If you aren’t aware, burnout in the workplace is a condition that the World Health Organisation (WHO) lay to blame resolutely at the feet of the employer.
Officially characterising it as “resulting from chronic workplace stress that has not been successfully managed”, typically, burnout occurs when someone’s physical or emotional reserves are spent. Often, the result of continued stress and dissatisfaction, burnout happens when the negative effects of pressure are amplified by a lack of support and resources, strict deadlines, and long hours.
Compounded by people’s unreasonable expectations of themselves or their personal lives, employee burnout can manifest in the workplace in many ways, from increased frustration and indifference to anger, withdrawal, reduced effectiveness, and even absenteeism.
While WHO see burnout as the consequence of mismanagement, in truth, outside factors like money worries, relationship issues and challenges in people’s home life can also play a significant role in what is a serious issue for both individual employees and the wider working environment.
Encouraging an open and supportive culture is vital, along with having a mental health policy in place but recognising the early signs and taking the appropriate action is the best way to prevent burnout.
SIGNS TO LOOK FOR:
Exhaustion – both physical and emotional, persistent fatigue and a lack of being able to concentrate after a good night’s sleep or time off are signs to keep an eye on.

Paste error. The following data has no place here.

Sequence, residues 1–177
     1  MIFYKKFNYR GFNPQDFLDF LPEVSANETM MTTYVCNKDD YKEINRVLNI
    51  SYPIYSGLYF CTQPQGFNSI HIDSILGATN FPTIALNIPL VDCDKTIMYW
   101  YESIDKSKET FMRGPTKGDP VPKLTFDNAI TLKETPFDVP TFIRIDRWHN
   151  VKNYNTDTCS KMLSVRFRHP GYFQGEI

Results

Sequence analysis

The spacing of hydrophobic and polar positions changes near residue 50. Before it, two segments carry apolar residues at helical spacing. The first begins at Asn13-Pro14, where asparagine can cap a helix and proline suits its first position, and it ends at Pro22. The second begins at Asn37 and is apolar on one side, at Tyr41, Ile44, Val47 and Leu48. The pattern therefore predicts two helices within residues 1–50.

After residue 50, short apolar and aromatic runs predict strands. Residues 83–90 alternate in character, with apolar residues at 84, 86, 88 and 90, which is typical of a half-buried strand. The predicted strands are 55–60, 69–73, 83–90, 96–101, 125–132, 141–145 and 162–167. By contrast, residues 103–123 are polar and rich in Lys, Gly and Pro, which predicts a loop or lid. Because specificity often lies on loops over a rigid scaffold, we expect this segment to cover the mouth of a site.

Productivity Drops – a noticeable decline in motivation and performance, struggling to meet deadlines or making mistakes they wouldn’t normally make are red flags.
Detachment – people experiencing burnout might become increasingly cynical and detached from their work, colleagues, and the business as a whole.
Irritability – employees may become short-tempered, react strongly to minor stressors, and have difficulty maintaining composure in challenging situations.
Physical Symptoms – from headaches to stomach aches, a lack of sleep, and even susceptibility to illnesses can be indicative of burnout as chronic stress weakens the immune system.
Neglected Self-Care – employees might prioritise work over personal well-being, leading to the neglection of exercise, healthy eating, and spending time with loved ones.
Absenteeism – be attentive to people with more frequent sick days, personal days, or unexplained absences. Employees might feel the need to take time off to cope with their stress and exhaustion.
Being permanently “on” – with technology, people who find it increasingly difficult to disconnect from work and relax in their own time are worthy of observation.
If you notice any of these signs in your colleagues – or yourself – it’s essential to address them quickly. Having regular conversations about mental health and highlighting the support available is a good start.
Try to remember that this can be a hard topic for people to open up about. Removing the stigma and providing access to counselling can help employees to better understand and manage their condition. The NHS offers a free counselling service, as do several charities, including Mind, the mental health charity.
Burnout is a condition that is triggered by an individual’s work but it is their relationship with their work that leads to the illness. Understanding this is perhaps the most important piece of information I can share with you because your interventions should always focus on improving the relationship between an individual and their work.
Coupled with WHO’s definition, hopefully, we can identify and validate people’s symptoms as well as make sure the modern workplace can help them to make changes that will prevent burnout in the first place.